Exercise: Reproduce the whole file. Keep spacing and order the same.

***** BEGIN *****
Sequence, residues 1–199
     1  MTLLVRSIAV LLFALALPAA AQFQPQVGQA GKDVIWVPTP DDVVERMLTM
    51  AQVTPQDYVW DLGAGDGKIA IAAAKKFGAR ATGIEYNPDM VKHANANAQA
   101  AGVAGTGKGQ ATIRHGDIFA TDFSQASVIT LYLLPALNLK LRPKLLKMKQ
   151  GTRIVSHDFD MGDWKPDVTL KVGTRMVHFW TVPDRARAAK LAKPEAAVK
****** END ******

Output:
Sequence, residues 1–199
     1  MTLLVRSIAV LLFALALPAA AQFQPQVGQA GKDVIWVPTP DDVVERMLTM
    51  AQVTPQDYVW DLGAGDGKIA IAAAKKFGAR ATGIEYNPDM VKHANANAQA
   101  AGVAGTGKGQ ATIRHGDIFA TDFSQASVIT LYLLPALNLK LRPKLLKMKQ
   151  GTRIVSHDFD MGDWKPDVTL KVGTRMVHFW TVPDRARAAK LAKPEAAVK